The State We're In

Take the scenic route on New Jersey’s byways!

Aug 24, 2023

On the road of life, sometimes you just want to exit the busy highway and take a slow, scenic route instead. Luckily, New Jersey has plenty of those!

“Scenic byway” is the official name for a route that showcases “outstanding scenic, natural, recreational, cultural, historic or archaeological significance” and favors local character over speed. New Jersey has eight of them, meandering through various regions of the state.

The Federal Highway Administration has six New Jersey routes on its list of National Scenic Byways, including four that were added in the past few years.  All told, there are now 148 national byways in 48 states. New Jersey also has two state scenic byways designated by the NJ Department of Transportation.

The national designations provide a potential economic boost to communities along the byways through increased tourism, and can also raise awareness of the need to protect local natural, cultural and historical resources.

Most scenic routes are comprised of a number of local roads and highways. Check out these fantastic byways next time you want to take a fun driving tour of this state we’re in. All include great parks and forests where you can stretch your legs with a walk or hike:

Pine Barrens Scenic Byway – This National Scenic Byway meanders for 130 miles through the Pine Barrens of Atlantic, Burlington, Cape May, Cumberland and Ocean counties.  Points of interest include Tuckerton Seaport, Bass River State Forest and Hammonton’s famous blueberry farms. There’s also Port Republic, once the gathering place for privateers who plundered British ships during the Revolutionary War; and Batsto Village, an historic iron forge and glassmaking town.

Bayshore Heritage Byway – This national byway is also a long one, running 122 miles along the Delaware Bay and Delaware River in Cape May, Cumberland and Salem counties. It begins in Cape May Point and ends in Mannington Township, Salem County. Points of interest include Fort Mott State Park, East Point Lighthouse, the Bayshore Center at Bivalve, Fortescue Wildlife Management Area, the Cape May-Lewes Ferry and Cape May’s popular Sunset Beach.

Western Highlands Scenic Byway – This national byway in Sussex County passes through thousands of acres of protected open space as it travels through the Newark Pequannock Watershed, hugs the Hamburg Mountain Wildlife Management Area and continues along Wawayanda State Park. The Appalachian Trail crosses the route north of Vernon, offering spectacular views along this hiking trail. The byway passes the Black Creek National Register Indian Site, one of only six Native American sites in New Jersey listed on the historic registers.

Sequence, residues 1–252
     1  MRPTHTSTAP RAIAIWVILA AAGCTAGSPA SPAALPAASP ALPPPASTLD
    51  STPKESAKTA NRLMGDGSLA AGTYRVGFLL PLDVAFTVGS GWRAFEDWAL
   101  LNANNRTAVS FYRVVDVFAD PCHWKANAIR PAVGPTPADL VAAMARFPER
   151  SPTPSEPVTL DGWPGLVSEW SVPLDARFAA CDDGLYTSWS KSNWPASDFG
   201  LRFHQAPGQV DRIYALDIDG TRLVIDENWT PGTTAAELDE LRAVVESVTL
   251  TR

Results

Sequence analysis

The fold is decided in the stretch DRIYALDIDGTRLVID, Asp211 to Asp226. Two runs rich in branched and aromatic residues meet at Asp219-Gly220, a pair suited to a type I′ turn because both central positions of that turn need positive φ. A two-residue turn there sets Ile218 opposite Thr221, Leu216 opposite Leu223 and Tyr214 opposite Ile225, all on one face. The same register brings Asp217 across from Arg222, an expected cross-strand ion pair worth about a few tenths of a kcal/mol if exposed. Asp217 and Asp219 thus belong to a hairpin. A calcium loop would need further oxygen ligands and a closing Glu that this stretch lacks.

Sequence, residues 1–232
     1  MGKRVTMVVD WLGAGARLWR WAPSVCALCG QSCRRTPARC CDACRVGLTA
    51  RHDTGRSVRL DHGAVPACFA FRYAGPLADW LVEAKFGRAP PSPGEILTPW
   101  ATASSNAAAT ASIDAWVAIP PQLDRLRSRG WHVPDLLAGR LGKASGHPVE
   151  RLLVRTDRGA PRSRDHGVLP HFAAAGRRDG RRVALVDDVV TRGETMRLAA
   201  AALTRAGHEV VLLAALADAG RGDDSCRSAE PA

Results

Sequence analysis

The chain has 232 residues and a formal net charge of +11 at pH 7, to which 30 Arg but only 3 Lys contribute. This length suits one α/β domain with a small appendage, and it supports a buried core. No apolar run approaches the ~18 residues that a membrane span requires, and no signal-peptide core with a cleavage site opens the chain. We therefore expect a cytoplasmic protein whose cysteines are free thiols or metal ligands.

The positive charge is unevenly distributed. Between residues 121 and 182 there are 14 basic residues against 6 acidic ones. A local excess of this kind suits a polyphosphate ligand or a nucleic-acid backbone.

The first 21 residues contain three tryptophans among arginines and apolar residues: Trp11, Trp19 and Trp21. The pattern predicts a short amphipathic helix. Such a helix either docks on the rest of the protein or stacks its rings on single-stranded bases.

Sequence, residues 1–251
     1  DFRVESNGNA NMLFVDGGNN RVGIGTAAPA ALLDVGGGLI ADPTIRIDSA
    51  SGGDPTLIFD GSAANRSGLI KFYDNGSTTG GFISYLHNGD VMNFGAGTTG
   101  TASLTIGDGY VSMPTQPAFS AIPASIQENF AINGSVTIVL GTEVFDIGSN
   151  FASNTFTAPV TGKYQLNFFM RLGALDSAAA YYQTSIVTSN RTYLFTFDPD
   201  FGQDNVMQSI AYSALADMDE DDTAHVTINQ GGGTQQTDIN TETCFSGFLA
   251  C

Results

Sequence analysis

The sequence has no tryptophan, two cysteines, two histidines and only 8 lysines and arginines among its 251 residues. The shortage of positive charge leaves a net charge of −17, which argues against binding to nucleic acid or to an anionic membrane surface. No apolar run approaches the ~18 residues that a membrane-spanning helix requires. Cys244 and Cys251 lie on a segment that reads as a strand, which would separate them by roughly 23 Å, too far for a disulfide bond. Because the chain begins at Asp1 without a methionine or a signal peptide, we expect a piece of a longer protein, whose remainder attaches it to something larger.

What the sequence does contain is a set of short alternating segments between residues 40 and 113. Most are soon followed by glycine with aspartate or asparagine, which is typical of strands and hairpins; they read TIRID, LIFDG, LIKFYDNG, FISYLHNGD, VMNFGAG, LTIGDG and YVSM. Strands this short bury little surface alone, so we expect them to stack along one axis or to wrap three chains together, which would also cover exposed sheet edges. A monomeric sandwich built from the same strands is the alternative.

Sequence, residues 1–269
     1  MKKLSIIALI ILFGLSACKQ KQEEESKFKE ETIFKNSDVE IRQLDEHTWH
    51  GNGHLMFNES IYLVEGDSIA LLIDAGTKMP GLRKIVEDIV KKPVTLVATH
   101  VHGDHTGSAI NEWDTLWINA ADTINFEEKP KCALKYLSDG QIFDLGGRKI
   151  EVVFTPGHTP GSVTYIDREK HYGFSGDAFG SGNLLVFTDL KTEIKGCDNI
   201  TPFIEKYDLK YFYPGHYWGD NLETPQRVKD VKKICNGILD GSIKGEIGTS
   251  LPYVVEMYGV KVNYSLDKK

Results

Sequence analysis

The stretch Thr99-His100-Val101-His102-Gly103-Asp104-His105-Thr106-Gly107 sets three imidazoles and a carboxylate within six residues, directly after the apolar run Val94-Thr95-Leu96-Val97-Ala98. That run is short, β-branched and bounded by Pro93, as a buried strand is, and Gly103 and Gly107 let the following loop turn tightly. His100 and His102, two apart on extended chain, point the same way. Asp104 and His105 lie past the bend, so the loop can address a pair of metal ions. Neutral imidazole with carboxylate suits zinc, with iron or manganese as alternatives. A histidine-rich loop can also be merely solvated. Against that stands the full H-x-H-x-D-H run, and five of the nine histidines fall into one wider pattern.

Palisades Scenic Byway – This 42-mile scenic byway is located on the Palisades Interstate Parkway in Bergen County and the Henry Hudson Parkway in New York. The New Jersey portion runs along the Hudson River and Palisades Cliffs and offers spectacular river views. There are many places to pull off the roadway and park, so pack a picnic or take a hike.

Delaware River Scenic Byway – Located on Route 29 along the Delaware River in Mercer and Hunterdon counties, this National Scenic Byway starts in Trenton and travels north to Frenchtown. The route passes through the historic riverside towns of Titusville, Lambertville, Stockton, Raven Rock and Frenchtown, and a scenic landscape of farm fields, forests and cliffs. Places of interest along the byway include the state Capitol building, New Jersey State Museum, Old Barracks historic site, D&R Canal State Park, Washington’s Crossing State Park, Bull’s Island Recreation Area and the Prallsville Mills historic complex.

Millstone Valley Scenic Byway – Located in the narrow Millstone River Valley in Somerset, Middlesex and Mercer counties, the Millstone Valley National Scenic Byway offers a glimpse into the past where pieces of the canal era, the Revolutionary War era, and early Dutch settlement era live on. The 25-mile byway passes through 11 historic districts listed on the National Register of Historic Places, including Kingston, Rocky Hill, Griggstown, Six Mile Run, Millstone and East Millstone.

Upper Freehold Historic Farmland Byway – This 24-mile state-designated byway in Monmouth County is steeped in history. The route includes the picturesque and historic Borough of Allentown, the pristine farmland of Upper Freehold Township, Historic Walnford Mill, the Old Yellow Meeting House and the hamlet of Imlaystown. Open spaces to explore include the trails of the Union Transportation Railroad, the Assunpink Wildlife Management Area, Clayton Park and the Horse Park of New Jersey.

Warren Heritage Scenic Byway – The 19 miles of the state-designated Warren Heritage Scenic Byway run along the historic Morris Canal between Greenwich and Hackettstown in Warren County. The Morris Canal had the greatest elevation change of any canal in the world, requiring numerous locks and inclined planes to move boats and barges over hills. The byway is also home to Thomas Edison’s “Concrete Mile,” the first concrete highway in New Jersey.

Enjoy exploring New Jersey’s scenic byways! To find out more details, go to the America’s Byways website at or the state website at

The America’s Byways site includes maps that show the location of public lands, as well as photo galleries to help travelers gauge how accessible walkways and trails may be (whether they’re wide, flat, paved, etc.).

And to learn more about preserving New Jersey’s land and natural resources – including open space and farmland – visit the New Jersey Conservation Foundation website at or contact me at

About the Authors

Alison Mitchell

Co-Executive Director

John S. Watson, Jr.

Co-Executive Director

Tom Gilbert

Co-Executive Director, 2022-2023

Michele S. Byers

Executive Director, 1999-2021

View their full bios here.


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